Gangtok: Many denizens of this picturesque town nestled in the eastern Himalayas gathered along with the state’s governor, Ganga Prasad, and former Prince Palden Namgyal to pay tribute to the Last Chogyal of Sikkim, Palden Thondup Namgyal, on his 99th birth anniversary at Memorial Park at Namgyal Institute of Tibetology, Deorali, this morning.

Soldep, a tradational monastic ritual, was performed by monks from Pemayangtse monastery in West Sikkim while the Governor released a Centennial Badge.

Governor Ganga Prasad pays tribute to the Last Chogyal of Sikkim, Palden Thondup Namgyal

The 12th Chogyal, born on May 23, 1923, started his reign from December 2, 1963 while his coronation took place on April 4, 1965. He ruled until April 10, 1975, when Sikkim became a part of the Indian democracy as it’s 22nd state. Palden Thondup died of cancer at the age of 58 in New York, USA, on January 29, 1982.

Prince Palden Gyurmed Namgyal

The year-long birth centenary event was graced by the rare attendance by Prince Palden Gyurmed Namgyal along with Governor Ganga Prasad and Cabinet Ministers at the Chogyal Palden Thondup Memorial Park in Gangtok, where scores of people had gathered. However, Chief Minister Prem Singh Golay was absent on the occasion.

The event, organized by Namgyal Institute of Tibetology, featured various cultural dances and folk songs. Prince Palden Gyurmed shared that it made him nostalgic for the Chogyal era when the birthday of the Late King was celebrated with similar fanfare.

Speaking with the media, he shared how the birthday celebration has come a full circle. “Chogyal really loved Sikkim, he cared about the people. I hope this is not just a commemoration or a celebration, as we say a lot of people volunteered their time, so many different communities that came out. This is an opportunity for us to also give back. If it’s just a celebration or a holiday, that’s not what today means. What we would like to see is what people can do to make Sikkim a better place. People making efforts would be the best commemoration than just a holiday,” shared the Prince.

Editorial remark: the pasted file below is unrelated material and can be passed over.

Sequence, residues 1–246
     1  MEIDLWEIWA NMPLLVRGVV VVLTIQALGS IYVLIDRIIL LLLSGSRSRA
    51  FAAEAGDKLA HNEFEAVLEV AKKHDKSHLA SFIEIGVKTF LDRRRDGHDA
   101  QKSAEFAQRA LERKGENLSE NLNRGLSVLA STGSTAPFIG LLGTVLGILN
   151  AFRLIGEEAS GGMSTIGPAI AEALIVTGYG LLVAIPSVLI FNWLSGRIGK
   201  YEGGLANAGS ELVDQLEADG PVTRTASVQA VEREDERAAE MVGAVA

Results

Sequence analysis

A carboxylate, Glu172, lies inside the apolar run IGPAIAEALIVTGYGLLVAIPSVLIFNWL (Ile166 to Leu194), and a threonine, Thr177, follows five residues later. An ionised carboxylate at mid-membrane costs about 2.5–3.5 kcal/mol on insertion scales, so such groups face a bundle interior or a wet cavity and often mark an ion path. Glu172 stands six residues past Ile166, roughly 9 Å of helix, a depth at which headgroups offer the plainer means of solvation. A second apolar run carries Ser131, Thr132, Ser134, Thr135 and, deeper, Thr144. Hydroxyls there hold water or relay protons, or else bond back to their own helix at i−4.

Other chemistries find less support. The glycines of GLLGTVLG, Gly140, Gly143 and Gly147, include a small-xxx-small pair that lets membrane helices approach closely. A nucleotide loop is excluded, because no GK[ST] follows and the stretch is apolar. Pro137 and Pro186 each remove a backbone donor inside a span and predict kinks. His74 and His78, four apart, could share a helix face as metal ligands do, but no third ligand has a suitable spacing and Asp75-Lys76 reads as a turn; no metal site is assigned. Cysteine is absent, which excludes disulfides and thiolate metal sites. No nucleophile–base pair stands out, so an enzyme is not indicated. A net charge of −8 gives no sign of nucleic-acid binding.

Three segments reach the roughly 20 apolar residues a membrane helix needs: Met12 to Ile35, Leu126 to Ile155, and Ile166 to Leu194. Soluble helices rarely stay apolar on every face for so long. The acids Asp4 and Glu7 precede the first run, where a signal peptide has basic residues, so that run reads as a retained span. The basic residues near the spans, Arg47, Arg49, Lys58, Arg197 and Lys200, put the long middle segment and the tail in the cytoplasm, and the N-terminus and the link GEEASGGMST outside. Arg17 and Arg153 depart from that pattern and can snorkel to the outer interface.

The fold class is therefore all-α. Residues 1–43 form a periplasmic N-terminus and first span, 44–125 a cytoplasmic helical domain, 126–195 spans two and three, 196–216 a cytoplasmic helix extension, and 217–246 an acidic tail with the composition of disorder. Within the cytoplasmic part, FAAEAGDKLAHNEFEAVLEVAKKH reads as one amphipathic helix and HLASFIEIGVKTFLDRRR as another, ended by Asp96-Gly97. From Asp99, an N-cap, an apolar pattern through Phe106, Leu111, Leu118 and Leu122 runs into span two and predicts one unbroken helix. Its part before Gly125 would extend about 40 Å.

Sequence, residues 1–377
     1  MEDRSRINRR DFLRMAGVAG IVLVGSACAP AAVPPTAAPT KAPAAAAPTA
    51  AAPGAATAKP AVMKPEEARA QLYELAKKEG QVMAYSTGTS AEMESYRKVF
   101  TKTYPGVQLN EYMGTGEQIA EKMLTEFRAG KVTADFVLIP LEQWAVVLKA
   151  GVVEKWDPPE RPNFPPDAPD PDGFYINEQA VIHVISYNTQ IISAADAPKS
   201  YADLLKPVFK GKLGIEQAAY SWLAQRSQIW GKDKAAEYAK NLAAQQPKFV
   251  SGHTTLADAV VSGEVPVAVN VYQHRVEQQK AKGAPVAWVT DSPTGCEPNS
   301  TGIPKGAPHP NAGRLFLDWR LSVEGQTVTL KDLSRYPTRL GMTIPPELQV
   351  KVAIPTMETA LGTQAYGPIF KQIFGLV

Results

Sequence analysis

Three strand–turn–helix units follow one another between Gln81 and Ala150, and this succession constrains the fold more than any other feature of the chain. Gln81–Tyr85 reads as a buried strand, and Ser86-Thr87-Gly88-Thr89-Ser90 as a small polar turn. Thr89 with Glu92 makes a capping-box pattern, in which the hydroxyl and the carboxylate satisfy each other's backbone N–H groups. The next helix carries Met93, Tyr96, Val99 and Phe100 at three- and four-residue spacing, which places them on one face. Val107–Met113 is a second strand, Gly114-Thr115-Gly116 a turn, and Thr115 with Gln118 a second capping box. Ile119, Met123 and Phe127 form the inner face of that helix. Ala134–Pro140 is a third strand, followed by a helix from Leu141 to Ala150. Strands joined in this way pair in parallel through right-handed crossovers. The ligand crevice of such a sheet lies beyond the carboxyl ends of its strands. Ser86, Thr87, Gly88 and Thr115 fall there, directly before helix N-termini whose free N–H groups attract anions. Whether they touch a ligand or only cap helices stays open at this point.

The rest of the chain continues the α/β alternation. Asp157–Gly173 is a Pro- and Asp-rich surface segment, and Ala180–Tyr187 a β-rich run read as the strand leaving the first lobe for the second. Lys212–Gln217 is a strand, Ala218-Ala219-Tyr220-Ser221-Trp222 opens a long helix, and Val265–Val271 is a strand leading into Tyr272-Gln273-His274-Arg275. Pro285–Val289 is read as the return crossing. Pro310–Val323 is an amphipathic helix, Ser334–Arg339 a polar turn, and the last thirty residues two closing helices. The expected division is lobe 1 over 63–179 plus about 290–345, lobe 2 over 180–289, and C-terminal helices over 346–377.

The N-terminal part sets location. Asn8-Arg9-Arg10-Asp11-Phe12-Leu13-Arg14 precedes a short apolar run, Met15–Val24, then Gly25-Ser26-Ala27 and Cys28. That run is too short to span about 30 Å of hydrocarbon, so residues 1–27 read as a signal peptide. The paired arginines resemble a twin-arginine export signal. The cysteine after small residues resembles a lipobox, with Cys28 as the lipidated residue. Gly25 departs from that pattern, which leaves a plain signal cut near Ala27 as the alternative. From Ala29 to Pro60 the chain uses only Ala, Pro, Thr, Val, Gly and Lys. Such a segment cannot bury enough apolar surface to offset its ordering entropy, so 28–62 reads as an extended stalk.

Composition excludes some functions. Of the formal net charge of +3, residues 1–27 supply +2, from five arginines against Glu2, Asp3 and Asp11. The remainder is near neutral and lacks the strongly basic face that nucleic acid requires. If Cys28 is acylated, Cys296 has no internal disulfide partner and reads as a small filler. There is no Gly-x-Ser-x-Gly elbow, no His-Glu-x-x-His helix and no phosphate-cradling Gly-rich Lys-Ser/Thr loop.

The Namgyal Institute of Tibetology is observing the centennial year of the Chogyal’s birthday with a wide variety of programmes to be held during the different seasons for a whole year, till the 22nd of May 2023.

The late Palden Thondup Namgyal who ascended to the throne of Sikkim in 1965 after the death of his father Sir Tashi Namgyal, had ruled over the tiny Himalayan principality, till a referendum abolished hereditary rule and made Sikkim a part of India in 1975.

An alumni of St Joseph’s, Kalimpong, and Bishop Cotton School, Shimla, Thondup Namgyal had helped his father negotiate a treaty with India in 1949 which made the Buddhist principality a protectorate of the South Asian giant, just ahead of the Chinese invasion of neighbouring Tibet.

He was crown prince when India and China clashed over a disputed border in 1962 and Chogyal or ruler when the two giants faced off at Nathu La pass in Sikkim. Indian troops based in his principality, with support from Sikkim, repulsed the Chinese attack and gained what military observers describe as “decisive tactical advantage” by gaining the high ground.

On the legacy of the Late Chogyal, Prince Palden Gyurmed shared, “The legacy of the late Chogyal is about the preservation of people’s culture and history as we have seen today. Many of the Lepcha songs that we listened today are contemporary songs. I think that is the best way we can preserve our history, our culture, and to learn about it. I can see a lot of young people taking an interest. It really heartens me to see the progress that is made. If it happens annually, I would certainly come.”

Prince Palden Gyurmed

Chogyal Palden Thondup’s legacy is carried by his second son Crown Prince Tobgyal Wangchuk Tenzing Namgyal, who was famously crowned as the 13th Chogyal on February 19, 1982. He was recognised as the King on the 20th day of late Chogyal’s death by the then Chief Minister late BB Gooroong. However, the Government of India didn’t recognise him as the Chogyal.

Queen Consort Hope Cooke, the second wife of Chogyal Palden, lives in Brooklyn, New York, working as a writer and columnist. She went through a divorce with the Late King in 1980. The other children of the King include Princess Yangchen Dolma Namgyal, Prince Palden Gyurmed, Princess Hope Leezum and Namgyal Tobden.

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